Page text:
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Salivary mucoceles in cats: A retrospective study of seven cases


Salivary mucoceles are formed by the extravasation and accumulation of saliva in tissues adjacent to a salivary gland. The accumulated saliva incites an inflammatory response, leading to a walled-off accumulation of mucoid fluid.

Salivary mucoceles are formed by the extravasation and accumulation of saliva in tissues adjacent to a salivary gland. The accumulated saliva incites an inflammatory response, leading to a walled-off accumulation of mucoid fluid. Trauma can cause salivary mucoceles; however, most cases are idiopathic.1

Salivary mucoceles are uncommon in cats. Although individual case reports of feline salivary mucoceles exist,2-8 no case series has been reported in the veterinary literature.

In this article, we present findings from our review of the records of seven cats with salivary mucoceles to help identify common presenting signs and the best form of treatment.


In cats, salivary mucoceles range from nonclinical to life-threatening in severity.2-8 Cats have five major salivary glands (parotid, mandibular, sublingual, molar, zygomatic) compared with dogs' four (parotid, mandibular, sublingual, zygomatic),9,10,11 and mucoceles in cats have been associated with all but the molar gland.2-8 In dogs, the most commonly affected gland is the sublingual gland.12 However, the small number of cases in cats makes determining the most commonly affected salivary gland difficult.


Clinical signs and diagnosis

Clinical signs of mucoceles include a fluctuant, nonpainful mass close to the salivary glands, dysphagia, exophthalmia, and dyspnea. Signs largely depend on the location and size of the mucocele. Differential diagnoses include an abscess, neoplasia, a foreign body, and a granuloma.

Diagnosis involves aspiration of a thick, stringy, golden fluid with low cellularity from the mass.1,13 Sialography has been performed in dogs and may be useful for identifying specific gland involvement when it is not readily apparent.12,13 Other diagnostic imaging tests (radiography, ultrasonography, computed tomography) may help rule out other disease processes, such as a foreign object or involvement or invasion of multiple tissues, but are unlikely to definitively identify a salivary mucocele.14,15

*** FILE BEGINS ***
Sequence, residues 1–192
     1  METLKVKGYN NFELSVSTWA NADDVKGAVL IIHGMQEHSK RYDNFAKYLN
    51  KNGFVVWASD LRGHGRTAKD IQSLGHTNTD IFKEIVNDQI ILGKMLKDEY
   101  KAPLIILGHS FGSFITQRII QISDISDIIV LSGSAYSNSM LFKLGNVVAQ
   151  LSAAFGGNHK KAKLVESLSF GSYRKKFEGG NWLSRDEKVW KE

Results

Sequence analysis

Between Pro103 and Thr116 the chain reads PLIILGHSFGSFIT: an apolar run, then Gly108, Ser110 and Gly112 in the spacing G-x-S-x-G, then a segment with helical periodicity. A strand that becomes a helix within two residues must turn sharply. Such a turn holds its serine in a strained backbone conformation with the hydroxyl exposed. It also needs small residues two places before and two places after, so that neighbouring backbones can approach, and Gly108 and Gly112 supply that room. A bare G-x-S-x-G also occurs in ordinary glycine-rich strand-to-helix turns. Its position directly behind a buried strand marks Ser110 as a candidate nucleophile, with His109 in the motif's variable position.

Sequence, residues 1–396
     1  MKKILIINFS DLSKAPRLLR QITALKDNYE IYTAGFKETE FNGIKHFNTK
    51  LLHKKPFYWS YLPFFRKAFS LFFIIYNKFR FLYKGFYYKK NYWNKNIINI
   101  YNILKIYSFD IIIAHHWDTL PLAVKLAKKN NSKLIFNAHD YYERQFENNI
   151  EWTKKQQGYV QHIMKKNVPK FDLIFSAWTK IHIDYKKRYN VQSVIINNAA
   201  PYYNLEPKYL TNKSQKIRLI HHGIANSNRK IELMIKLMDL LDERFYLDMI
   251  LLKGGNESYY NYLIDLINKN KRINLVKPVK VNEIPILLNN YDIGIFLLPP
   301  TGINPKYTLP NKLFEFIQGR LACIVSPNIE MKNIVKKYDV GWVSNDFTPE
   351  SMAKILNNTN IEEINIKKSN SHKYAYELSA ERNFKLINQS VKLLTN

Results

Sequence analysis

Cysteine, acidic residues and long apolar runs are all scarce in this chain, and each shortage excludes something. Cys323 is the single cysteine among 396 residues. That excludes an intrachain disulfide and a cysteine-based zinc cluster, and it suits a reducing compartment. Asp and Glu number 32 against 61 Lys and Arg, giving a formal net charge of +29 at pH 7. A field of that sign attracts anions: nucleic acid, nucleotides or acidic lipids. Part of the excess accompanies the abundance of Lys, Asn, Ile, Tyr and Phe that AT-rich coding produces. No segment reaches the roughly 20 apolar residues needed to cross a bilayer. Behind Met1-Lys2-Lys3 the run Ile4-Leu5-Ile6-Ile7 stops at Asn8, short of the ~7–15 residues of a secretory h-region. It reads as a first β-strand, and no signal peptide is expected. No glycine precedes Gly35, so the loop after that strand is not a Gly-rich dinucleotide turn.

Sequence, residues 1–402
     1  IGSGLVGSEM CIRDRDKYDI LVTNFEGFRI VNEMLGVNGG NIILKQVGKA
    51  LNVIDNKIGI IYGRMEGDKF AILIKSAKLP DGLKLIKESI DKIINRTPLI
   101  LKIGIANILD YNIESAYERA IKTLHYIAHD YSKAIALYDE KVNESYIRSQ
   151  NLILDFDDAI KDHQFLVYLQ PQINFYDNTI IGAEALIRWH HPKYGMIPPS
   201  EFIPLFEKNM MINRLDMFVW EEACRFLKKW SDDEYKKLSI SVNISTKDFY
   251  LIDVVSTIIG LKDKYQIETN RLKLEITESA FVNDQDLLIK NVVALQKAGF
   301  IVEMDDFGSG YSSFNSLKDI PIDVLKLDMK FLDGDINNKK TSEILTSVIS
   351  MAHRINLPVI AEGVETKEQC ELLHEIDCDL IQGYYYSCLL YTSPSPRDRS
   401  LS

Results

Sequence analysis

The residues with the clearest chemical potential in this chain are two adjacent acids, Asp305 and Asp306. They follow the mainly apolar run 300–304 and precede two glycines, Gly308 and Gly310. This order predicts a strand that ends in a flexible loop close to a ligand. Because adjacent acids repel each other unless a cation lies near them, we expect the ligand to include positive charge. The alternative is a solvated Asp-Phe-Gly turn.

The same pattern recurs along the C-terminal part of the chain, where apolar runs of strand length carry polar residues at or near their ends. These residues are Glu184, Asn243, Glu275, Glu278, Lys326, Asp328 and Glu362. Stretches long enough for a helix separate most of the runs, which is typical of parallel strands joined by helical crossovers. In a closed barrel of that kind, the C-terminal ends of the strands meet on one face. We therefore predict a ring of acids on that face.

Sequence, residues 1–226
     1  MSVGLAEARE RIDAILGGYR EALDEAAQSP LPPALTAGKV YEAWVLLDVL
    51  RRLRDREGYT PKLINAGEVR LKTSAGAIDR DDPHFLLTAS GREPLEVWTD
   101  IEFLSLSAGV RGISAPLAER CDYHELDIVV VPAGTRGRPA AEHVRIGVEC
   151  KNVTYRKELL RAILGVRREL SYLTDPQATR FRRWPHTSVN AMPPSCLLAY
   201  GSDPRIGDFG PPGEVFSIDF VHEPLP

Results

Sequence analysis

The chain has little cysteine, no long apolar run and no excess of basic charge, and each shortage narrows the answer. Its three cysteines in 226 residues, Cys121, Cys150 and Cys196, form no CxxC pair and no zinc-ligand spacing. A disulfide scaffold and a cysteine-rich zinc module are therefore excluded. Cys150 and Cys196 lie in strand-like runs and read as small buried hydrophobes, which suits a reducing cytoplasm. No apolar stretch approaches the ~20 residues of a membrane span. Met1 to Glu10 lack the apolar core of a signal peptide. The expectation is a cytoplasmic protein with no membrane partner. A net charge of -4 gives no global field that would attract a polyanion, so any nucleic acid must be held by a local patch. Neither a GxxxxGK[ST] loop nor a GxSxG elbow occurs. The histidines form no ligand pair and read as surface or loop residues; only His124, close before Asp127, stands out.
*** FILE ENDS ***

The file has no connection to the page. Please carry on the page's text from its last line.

Treatment options include draining the mucocele, marsupialization, and removing the involved gland. Drainage alone is likely to result in recurrence unless the mucus source is addressed. Marsupialization, which involves excising an elliptical section of mucosa over the mucocele, draining the saliva, and apposing the mucosal surface to underlying connective tissue, does not address the underlying problem. And because of potential complications such as frequent recurrence and the fact that future surgical intervention would be difficult, it is not the preferred procedure.1,13,16 Thus, surgically excising the affected gland is ideal.


The medical records of all cats examined for further management of a salivary mucocele at the University of Pennsylvania Matthew J. Ryan Veterinary Hospital and Red Bank Veterinary Hospital between 1993 and 2006 were reviewed. Cats with confirmed salivary mucoceles that were surgically repaired were included in this case series. Seven cats met these criteria.


Each cat's history; signalment; physical examination, complete blood count (cbc), and serum chemistry profile results (when available); clinical signs; treatment; and outcome were identified and recorded. The signalment and location and surgical correction of the mucoceles for the seven cats are shown in Table 1.

Table 1: Medical Records of Seven Cats with Surgically Treated Salivary Mucoceles (1993-2006)


Three of the cats were periodically allowed outdoors, and four were strictly indoor cats. Five of the seven cats had been seen by a referring veterinarian and treated with antibiotics (ampicillin, amoxicillin trihydrate-clavulanate potassium) with no improvement of clinical signs.